Prime Minister Perry Christie tours the new health centre in Abaco. Photo: Terrel W. Carey/Tribune Staff
By RASHAD ROLLE
Tribune Staff Reporter
GOVERNMENT officials commissioned the Marsh Harbour Healthcare Centre in Abaco yesterday, touting it as a long-awaited boost to the island and the Christie administration’s National Health Insurance plans.
Like the Child and Adolescent and Robert Smith (CARS) Complex that was commissioned last year, the Marsh Harbour Healthcare Centre has a tortured history, one of missed deadlines and claims of shoddy workmanship, all without any clear accountability.
The facility’s original contractor went bankrupt.
Construction of the healthcare centre began under the former Ingraham administration.
When the Christie administration came to power, it spent $1m renovating the facility, Prime Minister Perry Christie said yesterday.
“The floors had to be ripped up and lots of work had to be done,” added Minister for Grand Bahama Dr Michael Darville, who oversees aspects of NHI’s implementation.
Now, the facility is state of the art. At 33,000 square feet, it will be a place where dental and lab services will be provided.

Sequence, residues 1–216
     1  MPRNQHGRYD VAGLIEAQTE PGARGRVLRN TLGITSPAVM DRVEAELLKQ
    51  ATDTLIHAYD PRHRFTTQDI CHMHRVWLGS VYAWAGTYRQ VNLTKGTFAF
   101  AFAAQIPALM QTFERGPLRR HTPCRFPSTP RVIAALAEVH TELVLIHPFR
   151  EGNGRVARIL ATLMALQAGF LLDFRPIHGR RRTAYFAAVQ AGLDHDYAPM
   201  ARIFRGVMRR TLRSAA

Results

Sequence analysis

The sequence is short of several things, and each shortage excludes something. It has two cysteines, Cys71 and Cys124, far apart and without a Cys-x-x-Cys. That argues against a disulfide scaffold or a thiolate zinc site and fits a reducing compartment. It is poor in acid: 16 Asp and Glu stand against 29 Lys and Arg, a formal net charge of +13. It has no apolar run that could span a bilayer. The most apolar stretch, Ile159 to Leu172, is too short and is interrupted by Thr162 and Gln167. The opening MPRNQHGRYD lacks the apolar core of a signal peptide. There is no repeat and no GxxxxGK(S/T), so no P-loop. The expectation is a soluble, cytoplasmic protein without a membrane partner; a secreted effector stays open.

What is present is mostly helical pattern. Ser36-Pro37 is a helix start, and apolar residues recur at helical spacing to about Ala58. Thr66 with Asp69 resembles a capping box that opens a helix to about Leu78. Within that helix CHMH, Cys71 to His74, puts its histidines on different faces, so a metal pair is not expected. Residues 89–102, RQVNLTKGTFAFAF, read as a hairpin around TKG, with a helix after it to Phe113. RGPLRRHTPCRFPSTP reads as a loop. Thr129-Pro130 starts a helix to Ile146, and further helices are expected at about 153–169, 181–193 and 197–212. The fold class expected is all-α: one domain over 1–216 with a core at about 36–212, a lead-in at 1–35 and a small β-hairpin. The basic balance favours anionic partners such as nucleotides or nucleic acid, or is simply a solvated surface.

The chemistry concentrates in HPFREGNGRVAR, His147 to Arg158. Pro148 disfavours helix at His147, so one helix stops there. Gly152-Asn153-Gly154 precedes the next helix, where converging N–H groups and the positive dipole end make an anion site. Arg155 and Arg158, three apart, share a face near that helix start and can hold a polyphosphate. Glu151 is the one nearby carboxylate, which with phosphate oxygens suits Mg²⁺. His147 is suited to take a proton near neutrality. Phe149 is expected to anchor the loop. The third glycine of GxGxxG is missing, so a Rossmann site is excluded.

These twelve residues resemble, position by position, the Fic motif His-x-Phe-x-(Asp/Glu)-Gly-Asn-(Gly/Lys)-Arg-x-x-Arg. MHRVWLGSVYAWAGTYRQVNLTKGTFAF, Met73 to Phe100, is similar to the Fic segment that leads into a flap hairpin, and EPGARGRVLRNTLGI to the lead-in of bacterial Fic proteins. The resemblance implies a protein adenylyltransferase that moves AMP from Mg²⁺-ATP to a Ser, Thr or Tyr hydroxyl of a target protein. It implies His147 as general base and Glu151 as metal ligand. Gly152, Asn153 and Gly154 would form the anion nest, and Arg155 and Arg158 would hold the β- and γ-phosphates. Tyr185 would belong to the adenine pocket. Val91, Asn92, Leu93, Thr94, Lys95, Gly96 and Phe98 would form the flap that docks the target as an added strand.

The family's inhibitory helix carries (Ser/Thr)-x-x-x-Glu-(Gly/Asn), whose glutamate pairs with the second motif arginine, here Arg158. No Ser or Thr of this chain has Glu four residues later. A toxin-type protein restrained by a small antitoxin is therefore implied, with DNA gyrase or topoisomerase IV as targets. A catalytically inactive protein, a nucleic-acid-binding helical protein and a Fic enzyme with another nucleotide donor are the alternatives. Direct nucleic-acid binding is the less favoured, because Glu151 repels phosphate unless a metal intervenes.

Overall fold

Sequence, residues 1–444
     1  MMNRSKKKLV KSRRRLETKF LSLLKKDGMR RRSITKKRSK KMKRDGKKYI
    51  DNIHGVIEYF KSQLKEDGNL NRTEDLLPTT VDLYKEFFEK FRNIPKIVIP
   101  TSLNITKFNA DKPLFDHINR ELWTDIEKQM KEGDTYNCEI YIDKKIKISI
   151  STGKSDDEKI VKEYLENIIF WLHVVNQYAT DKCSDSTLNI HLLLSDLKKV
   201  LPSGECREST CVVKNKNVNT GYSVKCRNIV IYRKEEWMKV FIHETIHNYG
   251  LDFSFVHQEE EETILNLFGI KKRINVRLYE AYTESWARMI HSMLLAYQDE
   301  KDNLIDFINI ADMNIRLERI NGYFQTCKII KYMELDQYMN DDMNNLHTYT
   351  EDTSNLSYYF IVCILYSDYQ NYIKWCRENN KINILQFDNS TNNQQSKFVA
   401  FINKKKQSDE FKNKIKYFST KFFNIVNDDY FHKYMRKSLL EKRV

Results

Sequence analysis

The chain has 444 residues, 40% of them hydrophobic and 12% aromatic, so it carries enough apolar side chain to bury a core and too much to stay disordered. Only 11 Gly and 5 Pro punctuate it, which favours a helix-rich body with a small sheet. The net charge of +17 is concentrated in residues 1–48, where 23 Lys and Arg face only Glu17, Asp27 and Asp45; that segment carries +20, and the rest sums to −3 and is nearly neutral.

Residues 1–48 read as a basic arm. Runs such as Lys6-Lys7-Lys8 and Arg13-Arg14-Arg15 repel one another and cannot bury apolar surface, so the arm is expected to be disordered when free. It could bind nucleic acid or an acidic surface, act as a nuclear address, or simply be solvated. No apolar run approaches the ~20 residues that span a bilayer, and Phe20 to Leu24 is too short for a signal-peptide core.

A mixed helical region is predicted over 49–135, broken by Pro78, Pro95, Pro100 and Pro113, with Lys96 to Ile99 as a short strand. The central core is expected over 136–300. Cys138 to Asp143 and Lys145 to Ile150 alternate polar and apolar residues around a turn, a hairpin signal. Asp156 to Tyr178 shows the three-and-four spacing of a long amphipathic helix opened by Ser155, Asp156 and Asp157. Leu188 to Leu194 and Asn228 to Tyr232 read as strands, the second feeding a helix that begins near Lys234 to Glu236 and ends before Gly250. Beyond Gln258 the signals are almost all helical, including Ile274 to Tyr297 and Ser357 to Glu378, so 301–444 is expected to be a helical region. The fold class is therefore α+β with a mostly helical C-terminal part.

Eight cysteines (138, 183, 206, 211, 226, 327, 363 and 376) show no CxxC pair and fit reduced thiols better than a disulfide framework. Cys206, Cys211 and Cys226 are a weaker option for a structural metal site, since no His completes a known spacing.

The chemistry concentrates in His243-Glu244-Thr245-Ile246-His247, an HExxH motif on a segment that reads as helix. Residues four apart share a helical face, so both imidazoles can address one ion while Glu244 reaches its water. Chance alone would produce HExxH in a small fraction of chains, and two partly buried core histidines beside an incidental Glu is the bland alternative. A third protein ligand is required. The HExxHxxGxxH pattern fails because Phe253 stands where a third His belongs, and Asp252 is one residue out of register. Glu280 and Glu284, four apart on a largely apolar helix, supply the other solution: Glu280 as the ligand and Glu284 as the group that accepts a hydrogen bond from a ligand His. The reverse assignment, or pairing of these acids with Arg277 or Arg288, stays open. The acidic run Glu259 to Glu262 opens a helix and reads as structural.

Abaco currently has about three nurses and one doctor, Dr Darville said. By December, the island will have 16 nurses, five doctors, a radiologist and two lab technicians.
Charlene Bain, the director of public health, added that the overall health staff on the island will grow from the 20 that it has now to 70 by September.
The facility boasts an administrative wing, pharmacy and a morgue where autopsies will be performed.
Mr Christie noted during his speech that a similar facility is planned for Exuma, to be opened “in the shortest time possible.”
He also revealed that the Ministry of Finance has dedicated funding for a mini-hospital to be constructed in Palmetto Point, Eleuthera.
Dr Darville said works have been undertaken and are nearing completion at clinics in Mangrove Cay, Andros; Mathew Town, Inagua; Deadman’s Cay, Long Island; Spring Point, Acklins; Fresh Creek, Andros; Landrail Point, Crooked Island, as well as the Eleuthera communities of Hatchet Bay, Lower Bogue and Spanish Wells.
“It is important to understand that the improvements to our clinics will translate into improvements in the patient experience throughout out public health system,” he said.
In April 2012, The National Insurance Board signed a $12 million contract with Coastline Construction to create the new community hospital in Marsh Harbour.
At the time, the facility was scheduled for completion within 60 weeks.
Abaco residents have complained that the stalled construction left them to cope with “substandard” medical facilities.